Dynamic processing of sequential emotional trajectories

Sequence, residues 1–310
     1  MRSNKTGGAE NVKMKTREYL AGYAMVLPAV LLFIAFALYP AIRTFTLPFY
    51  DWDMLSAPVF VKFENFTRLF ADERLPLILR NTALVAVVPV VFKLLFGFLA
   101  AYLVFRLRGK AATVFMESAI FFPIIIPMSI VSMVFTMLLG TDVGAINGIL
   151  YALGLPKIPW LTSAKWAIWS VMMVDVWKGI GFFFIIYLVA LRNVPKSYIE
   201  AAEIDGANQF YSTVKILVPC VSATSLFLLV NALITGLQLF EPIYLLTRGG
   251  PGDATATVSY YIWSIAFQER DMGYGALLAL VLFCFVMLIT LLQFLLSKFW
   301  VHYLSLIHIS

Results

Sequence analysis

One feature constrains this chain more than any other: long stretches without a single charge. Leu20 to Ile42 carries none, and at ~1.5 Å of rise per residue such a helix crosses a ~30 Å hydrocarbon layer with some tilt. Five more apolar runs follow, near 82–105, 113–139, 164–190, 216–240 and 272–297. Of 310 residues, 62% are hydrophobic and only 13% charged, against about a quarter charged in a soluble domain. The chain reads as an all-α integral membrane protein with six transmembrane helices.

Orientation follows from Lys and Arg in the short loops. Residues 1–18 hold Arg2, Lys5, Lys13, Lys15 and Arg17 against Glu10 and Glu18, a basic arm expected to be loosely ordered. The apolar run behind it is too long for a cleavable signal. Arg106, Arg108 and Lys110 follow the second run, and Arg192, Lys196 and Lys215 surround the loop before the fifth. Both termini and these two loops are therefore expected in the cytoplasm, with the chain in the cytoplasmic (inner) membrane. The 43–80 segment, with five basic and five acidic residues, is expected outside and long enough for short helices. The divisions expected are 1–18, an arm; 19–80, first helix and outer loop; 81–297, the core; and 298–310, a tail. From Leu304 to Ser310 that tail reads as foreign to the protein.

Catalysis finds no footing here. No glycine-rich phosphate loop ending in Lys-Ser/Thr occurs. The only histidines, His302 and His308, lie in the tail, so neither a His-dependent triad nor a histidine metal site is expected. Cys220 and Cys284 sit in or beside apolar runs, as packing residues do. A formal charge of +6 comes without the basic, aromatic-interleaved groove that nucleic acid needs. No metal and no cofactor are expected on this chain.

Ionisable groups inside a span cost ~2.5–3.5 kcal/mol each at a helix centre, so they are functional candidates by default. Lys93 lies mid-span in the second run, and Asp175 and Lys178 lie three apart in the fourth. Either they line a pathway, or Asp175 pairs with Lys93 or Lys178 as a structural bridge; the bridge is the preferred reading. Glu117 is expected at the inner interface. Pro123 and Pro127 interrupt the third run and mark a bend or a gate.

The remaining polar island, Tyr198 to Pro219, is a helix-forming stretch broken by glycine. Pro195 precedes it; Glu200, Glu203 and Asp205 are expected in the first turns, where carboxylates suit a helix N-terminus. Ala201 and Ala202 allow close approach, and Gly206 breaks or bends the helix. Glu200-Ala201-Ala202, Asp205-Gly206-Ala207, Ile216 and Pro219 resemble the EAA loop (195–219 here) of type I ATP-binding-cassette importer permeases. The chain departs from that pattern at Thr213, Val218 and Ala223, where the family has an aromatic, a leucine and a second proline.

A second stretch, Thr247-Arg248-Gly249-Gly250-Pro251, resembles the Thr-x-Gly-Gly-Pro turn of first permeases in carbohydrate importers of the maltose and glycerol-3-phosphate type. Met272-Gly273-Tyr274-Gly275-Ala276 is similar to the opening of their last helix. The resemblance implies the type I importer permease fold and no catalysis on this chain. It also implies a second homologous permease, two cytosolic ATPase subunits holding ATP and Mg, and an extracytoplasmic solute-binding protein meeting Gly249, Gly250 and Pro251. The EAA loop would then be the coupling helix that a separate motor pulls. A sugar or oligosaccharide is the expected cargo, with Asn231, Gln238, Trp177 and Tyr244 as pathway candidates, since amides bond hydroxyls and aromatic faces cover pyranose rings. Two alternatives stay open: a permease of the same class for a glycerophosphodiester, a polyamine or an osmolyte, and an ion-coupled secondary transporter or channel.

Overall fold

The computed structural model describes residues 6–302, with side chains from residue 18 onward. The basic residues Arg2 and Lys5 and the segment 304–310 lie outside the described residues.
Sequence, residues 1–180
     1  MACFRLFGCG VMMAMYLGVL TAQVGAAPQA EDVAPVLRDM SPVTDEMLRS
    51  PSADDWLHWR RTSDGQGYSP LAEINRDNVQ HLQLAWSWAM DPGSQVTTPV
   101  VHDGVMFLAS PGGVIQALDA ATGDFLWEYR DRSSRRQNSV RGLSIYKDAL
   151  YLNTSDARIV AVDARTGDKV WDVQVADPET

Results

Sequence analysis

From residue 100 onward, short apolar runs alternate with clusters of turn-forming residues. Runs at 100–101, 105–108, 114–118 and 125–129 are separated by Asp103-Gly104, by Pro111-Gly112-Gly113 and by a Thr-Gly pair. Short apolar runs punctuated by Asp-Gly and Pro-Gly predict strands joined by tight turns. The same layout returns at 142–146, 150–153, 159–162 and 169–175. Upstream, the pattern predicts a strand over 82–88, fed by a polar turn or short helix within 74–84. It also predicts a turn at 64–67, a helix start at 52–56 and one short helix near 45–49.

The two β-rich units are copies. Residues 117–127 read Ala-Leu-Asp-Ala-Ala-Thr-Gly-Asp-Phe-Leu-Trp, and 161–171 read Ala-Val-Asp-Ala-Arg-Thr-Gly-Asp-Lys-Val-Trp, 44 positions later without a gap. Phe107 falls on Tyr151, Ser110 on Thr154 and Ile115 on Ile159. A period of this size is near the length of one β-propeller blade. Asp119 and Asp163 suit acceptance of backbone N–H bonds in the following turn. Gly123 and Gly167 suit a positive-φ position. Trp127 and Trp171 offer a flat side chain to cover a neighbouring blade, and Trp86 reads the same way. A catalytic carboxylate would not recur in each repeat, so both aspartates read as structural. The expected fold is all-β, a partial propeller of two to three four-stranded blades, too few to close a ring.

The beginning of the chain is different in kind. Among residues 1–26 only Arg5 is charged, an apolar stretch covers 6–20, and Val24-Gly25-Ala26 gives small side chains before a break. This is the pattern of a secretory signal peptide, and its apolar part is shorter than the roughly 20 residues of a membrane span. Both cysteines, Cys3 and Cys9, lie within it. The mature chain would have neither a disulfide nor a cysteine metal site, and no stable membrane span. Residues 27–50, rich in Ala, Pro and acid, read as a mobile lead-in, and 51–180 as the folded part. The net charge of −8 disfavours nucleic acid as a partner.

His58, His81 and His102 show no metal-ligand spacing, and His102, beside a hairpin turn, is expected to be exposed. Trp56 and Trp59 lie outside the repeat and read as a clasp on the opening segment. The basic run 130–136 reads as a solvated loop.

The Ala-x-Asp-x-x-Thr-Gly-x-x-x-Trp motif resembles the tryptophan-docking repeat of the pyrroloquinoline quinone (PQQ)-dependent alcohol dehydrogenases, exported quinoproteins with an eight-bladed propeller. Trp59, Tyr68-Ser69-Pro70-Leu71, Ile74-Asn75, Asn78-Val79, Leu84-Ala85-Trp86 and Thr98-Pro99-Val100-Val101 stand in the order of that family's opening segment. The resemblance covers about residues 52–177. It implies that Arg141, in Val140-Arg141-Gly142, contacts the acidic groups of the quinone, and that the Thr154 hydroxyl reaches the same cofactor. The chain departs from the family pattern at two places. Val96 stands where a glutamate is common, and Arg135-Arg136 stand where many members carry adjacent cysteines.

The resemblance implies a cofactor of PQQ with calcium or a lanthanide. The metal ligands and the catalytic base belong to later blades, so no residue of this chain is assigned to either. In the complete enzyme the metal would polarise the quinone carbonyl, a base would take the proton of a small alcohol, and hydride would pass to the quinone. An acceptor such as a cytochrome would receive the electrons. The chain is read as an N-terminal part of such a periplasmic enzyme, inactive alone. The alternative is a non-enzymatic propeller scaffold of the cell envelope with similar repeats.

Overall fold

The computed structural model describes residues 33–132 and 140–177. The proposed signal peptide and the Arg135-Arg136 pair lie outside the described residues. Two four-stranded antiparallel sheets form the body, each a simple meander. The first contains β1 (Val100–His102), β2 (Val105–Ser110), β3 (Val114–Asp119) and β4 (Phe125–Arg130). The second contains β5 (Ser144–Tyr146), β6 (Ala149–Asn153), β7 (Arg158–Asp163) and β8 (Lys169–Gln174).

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This dissertation had two goals. First, to examine the deactivation patterns of the appetitive and aversive motivational systems and the effects such deactivation had on information processing of subsequent messages. Second, to explore changes in motivational activation and cognitive processing when two emotional messages appear in sequence, especially when they differ in emotional valence. To achieve these goals, two experiments were conducted. In experiment #1, cognitive resources available to encoding were measured, indexed by secondary task reaction times. In experiment #2, dynamic motivated cognition was indexed using real-time psychophysiological data metrics including heart rate, skin conductivity, and facial electromyography. Encoding performance was measured in both experiments using speeded, forced choice visual recognition tasks.Results of these experiments support the propositions made by the proposed dynamic motivational deactivation model, which predicts that appetitive and aversive motivational systems deactivate in different fashions at the offset of preceding emotional content, and such differences are larger when the preceding stimuli is highly arousing. In addition, sequentially coactive messages were found to elicit similar patterns to those that have been seen during simultaneously coactive messages. Among the valence-switching messages, those that started positive and ended negative with a matched arousal level are most likely to increase attention to and memory for subsequent messages, which may be of particular interest to media practitioners. Finally, the limitation of this dissertation, the possible future directions, and the theoretical and practice implications are discussed.